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U.S. Earmarks $250M to Counter Russian Influence

Leah Millis / Reuters

A massive U.S. government spending bill unveiled on Wednesday has earmarked $250 million to counter Russian influence in the wake of allegations about Russia’s meddling in the 2016 U.S. presidential elections. 

A U.S. Special Counsel indicted 13 Russian nationals and three Russian entities last month on charges of defrauding the U.S. government by interfering in the political process. The counsel and congressional committees are investigating thousands of Russian ads on Facebook and Twitter, which are believed to have fanned tensions during the presidential campaign.

“[N]ot less than $250,000,000 shall be made available to carry out the purposes of the Countering Russian Influence Fund,” reads the text of the more than 2,000-page spending bill. 

The $1.3 trillion bill, which faces a Friday deadline for passage, also includes $380 million to help safeguard U.S. voting systems from cyber attacks. The allocation would be one of Congress' first concrete steps to bolstering election security since the 2016 presidential campaign was marred by allegations of Russian meddling.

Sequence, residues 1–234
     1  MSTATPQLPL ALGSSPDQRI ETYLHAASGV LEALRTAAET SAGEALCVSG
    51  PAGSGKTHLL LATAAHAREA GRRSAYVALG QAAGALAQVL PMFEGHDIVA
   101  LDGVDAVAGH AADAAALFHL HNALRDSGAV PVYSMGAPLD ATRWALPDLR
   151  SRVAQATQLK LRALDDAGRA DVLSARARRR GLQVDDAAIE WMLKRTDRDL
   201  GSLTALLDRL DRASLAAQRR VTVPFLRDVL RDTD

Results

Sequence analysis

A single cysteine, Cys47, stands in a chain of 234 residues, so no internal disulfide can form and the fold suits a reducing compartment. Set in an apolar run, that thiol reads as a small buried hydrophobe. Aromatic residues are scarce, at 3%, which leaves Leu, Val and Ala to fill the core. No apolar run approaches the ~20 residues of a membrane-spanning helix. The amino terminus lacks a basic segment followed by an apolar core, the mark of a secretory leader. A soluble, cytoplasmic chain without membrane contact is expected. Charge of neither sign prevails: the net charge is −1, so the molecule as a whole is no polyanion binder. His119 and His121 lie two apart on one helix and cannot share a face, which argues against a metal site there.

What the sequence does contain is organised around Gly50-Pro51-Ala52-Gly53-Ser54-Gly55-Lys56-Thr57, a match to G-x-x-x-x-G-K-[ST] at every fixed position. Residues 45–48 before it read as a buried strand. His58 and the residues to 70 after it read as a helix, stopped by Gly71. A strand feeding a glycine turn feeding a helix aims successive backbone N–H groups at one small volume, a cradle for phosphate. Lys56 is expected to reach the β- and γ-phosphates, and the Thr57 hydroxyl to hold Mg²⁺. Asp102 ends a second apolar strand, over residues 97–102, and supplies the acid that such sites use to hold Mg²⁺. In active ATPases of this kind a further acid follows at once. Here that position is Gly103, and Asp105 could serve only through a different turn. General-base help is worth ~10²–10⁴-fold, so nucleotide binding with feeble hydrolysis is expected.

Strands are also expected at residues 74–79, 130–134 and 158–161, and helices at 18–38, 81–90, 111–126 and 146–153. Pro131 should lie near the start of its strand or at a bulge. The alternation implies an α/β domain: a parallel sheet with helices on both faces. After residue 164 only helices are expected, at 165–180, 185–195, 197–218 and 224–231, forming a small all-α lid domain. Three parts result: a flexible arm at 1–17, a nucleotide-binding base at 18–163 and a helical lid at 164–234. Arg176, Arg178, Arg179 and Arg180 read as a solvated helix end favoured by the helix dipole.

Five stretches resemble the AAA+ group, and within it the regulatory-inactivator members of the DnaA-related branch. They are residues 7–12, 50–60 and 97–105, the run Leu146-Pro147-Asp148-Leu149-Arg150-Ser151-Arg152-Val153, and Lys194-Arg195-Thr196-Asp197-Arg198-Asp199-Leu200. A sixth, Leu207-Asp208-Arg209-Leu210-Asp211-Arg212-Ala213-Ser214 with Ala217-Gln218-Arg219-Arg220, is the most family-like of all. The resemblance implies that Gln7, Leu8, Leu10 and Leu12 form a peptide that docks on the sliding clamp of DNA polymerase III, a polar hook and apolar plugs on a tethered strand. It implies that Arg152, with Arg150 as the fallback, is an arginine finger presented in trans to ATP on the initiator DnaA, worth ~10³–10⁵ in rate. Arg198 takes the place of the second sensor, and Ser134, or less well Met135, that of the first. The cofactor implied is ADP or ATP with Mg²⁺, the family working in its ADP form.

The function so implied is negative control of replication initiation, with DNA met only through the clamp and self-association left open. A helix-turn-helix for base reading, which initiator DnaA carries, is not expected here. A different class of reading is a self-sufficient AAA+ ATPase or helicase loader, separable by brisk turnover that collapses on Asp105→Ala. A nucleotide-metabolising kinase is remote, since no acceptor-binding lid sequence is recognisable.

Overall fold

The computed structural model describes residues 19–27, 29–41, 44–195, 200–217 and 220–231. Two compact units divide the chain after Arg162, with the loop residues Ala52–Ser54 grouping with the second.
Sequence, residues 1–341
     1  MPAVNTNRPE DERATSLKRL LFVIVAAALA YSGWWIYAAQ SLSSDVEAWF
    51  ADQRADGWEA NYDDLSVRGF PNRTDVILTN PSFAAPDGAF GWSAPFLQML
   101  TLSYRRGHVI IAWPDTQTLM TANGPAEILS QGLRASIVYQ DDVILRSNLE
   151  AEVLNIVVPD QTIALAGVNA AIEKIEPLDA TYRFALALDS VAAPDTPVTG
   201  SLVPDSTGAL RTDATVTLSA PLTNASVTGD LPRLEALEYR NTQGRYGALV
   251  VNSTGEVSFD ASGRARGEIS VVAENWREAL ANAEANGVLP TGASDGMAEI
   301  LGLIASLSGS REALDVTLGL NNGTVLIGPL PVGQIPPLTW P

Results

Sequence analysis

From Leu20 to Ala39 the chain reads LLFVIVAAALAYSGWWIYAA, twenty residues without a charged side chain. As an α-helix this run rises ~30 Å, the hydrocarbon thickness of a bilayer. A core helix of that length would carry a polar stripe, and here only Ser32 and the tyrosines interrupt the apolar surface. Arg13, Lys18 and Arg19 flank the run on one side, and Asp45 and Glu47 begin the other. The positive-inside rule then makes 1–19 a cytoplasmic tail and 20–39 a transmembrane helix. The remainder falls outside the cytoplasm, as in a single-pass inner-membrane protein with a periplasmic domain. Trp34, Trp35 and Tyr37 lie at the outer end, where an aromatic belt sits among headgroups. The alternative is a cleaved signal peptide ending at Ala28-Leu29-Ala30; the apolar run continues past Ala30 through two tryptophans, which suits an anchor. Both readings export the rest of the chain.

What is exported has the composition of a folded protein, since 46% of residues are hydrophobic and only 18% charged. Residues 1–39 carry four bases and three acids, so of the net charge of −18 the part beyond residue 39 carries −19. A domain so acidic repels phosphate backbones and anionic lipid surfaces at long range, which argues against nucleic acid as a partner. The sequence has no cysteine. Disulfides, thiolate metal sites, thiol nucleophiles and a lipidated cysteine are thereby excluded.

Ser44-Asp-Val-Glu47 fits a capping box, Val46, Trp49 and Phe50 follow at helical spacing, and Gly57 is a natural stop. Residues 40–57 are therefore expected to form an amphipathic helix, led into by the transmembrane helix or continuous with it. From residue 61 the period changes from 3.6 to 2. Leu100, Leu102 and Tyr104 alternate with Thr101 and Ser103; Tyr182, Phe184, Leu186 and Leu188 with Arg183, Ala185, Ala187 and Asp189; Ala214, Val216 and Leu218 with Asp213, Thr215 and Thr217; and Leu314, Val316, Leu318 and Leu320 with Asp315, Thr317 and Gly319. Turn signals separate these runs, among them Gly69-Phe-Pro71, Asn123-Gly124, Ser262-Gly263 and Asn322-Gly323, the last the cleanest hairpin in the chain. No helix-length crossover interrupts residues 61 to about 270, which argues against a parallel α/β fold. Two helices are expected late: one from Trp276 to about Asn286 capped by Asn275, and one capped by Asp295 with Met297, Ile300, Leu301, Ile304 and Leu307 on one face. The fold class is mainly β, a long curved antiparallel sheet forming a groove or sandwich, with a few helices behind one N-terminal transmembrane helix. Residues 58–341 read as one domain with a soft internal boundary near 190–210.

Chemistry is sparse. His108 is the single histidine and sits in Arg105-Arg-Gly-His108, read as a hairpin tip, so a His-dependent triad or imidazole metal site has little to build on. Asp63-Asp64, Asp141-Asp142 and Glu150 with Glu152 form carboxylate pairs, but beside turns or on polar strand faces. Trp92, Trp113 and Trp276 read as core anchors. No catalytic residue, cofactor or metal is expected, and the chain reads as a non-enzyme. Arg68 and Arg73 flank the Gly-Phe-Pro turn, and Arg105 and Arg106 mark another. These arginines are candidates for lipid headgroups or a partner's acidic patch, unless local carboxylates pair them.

The spending bill also includes a $307 million increase over the Trump administration's request for the FBI's budget, which appropriators said would be used in part for counter-intelligence efforts to protect against Russia cyber attacks. 

Americans vote in November in midterm elections, which U.S. intelligence officials have repeatedly warned in recent weeks could be targeted by Russia or others seeking to disrupt the process. 

It was not immediately clear when the funding would be made available or if it would be delivered in time to make a difference for states ahead of the 2018 midterm elections. 

The Department of Homeland said last year that 21 states had experienced initial probing of their election systems from Russian hackers in 2016 and that a small number of networks were compromised. It said there is no evidence any votes were actually altered. 

Reuters contributed reporting to this article.

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